French says attack 'mastermind' was killed

She told reporters on Thursday: "This is an attack on our basic values, on our way of life, on freedom... and all of the freedom-loving countries on earth must stand together in all areas to find the perpetrators and also to protect and secure our way of life."


The French military says it has destroyed 35 Islamic State targets in Syria since last week's attacks on Paris.

He told reporters the strikes were aimed at weakening and disorganizing IS.

The Charles de Gaulle nuclear-powered aircraft carrier left Wednesday for the eastern Mediterranean, tripling France's airborne forces in the fight against Islamic State.

12:10 p.m.

Foreign Minister Paolo Gentiloni told RAI state broadcaster on Thursday that Italian law enforcement had been searching for the five people since Wednesday afternoon.

Gentiloni adds that the U.S. alert didn't warn people to stay away from Italy. He said: "We cannot be prisoners of worry."

Danish and Norwegian police have been asked to be on the lookout for a man that Swedish authorities say is wanted in connection with an investigation into "preparation for a terrorist offense."

SAPO said the request was not linked to the Paris attacks.

On Wednesday, SAPO raised the country's terror alert to the second-highest level.

12:05 p.m.

Europol Director Rob Wainwright says that 2,000 of those names have been positively confirmed as foreign fighters. The rest are currently considered suspects, associates or facilitators.

Speaking Thursday in the European Parliament, Wainwright said that Europol's major priority in recent years in fighting terror has been to "motivate the national authorities to share their counterterrorist data."


Turkey's president says the attacks in Paris are spurring hatred against Muslims and refugees in Europe and is urging leaders to call for "common sense" in their countries.

Erdogan said: "If we do not thwart racist attacks and fanatical movements, new and dangerous tragedies will become inevitable. Racism united with hatred of Islam is the greatest calamity and danger."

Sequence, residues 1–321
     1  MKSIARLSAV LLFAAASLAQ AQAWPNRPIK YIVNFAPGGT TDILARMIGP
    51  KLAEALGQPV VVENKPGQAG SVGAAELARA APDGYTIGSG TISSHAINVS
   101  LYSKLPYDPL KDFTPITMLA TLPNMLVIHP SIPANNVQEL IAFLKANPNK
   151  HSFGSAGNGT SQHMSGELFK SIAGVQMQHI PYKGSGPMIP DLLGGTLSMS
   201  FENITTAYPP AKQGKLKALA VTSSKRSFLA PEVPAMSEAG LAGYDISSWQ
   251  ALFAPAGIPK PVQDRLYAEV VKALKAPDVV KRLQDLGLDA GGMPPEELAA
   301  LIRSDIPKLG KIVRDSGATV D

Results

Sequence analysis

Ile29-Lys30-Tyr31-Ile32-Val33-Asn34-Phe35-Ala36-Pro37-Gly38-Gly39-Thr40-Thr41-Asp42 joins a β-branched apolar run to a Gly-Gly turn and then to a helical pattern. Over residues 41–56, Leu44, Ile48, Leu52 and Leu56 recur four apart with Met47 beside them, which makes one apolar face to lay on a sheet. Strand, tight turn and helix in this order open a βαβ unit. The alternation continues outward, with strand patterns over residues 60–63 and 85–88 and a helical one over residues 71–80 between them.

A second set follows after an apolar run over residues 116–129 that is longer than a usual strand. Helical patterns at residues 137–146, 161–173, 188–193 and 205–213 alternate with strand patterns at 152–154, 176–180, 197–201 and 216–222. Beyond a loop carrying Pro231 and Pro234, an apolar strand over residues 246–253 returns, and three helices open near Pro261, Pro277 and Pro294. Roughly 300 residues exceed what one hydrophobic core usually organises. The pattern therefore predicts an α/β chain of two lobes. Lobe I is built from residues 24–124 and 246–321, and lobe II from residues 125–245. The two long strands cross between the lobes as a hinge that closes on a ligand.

The director of the European Union's police coordination organization is warning that the Paris attacks are "a very serious escalation" of the terror threat in Europe and a statement of intent by the Islamic State group.

He says Paris was the first time Europe has witnessed an attack similar to a 2008 assault by militants in the Indian city of Mumbai, combining indiscriminate shooting with suicide bombers.


The White House says U.S. President Barack Obama still plans to travel to Paris for the upcoming climate talks.

He says the U.S. has been actively sharing intelligence with France since the attacks last week.

Obama is currently scheduled to be in Paris on Nov. 30 and Dec. 1. It's unclear whether the dates will be extended or adjusted in light of the attacks.

10:05 a.m.

Speaking Thursday morning on Germany's ARD television ahead of meeting with Chancellor Angela Merkel, Faymann said to close the borders "would be the end of Schengen and the European idea," referring to the so-called Schengen Zone of passport-free travel.

He says "we cannot solve the problem at either the Austrian or the German borders."


The French Interior Ministry and Paris prosecutor's office say it remains unclear whether the suspected mastermind of last week's Paris attacks has been killed or is still at large.

Police launched the operation after receiving information from tapped phone calls, surveillance and tipoffs suggesting that Abaaoud was holed up there.

-By Angela Charlton

9:55 a.m.

Valls presented a bill extending the state of emergency declared after Friday's attacks for another three months to the lower house of Parliament on Thursday. It goes to the upper house Friday.

He added, "we know that there could also be a risk of chemical or biological weapons."

9:45 a.m.

An official in the Belgian federal prosecutor's office said that the raids were taking place in Molenbeek and other areas of Brussels.

Bilal Hadfi has been identified as one of three attackers at the Stade de France stadium. The raids are centering on "his entourage," the official said.


Belgian Prime Minister Charles Michel says he wants to amend the constitution to extend the length of time terror suspects can be held by police without charge.


Belgian Prime minister Charles Michel has announced a package of additional anti-terror measures in the wake of the attacks in Paris.

He told legislators in a special announcement that personnel involved in security would be increased, and said special attention would be paid to eradicating messages of hate.


A Turkish government official says authorities have deported some among a group of eight Moroccan nationals who were detained at Istanbul's main airport, while others are still being investigated.

The official said in an email sent late Wednesday that authorities have not been able to confirm that the group was attempting to travel to Germany illegally by posing as refugees, as suggested by Turkish media.

- By Suzan Fraser in Ankara

8:55 a.m.

Fabius, speaking on France-Inter radio Thursday, said the group "is a monster. But if all the countries in the world aren't capable of fighting against 30,000 people (IS members), it's incomprehensible."

France has stepped up its airstrikes against extremists in Syria since the attack, and French President Francois Hollande is going to Washington and Moscow next week to push for a stronger international coalition against IS.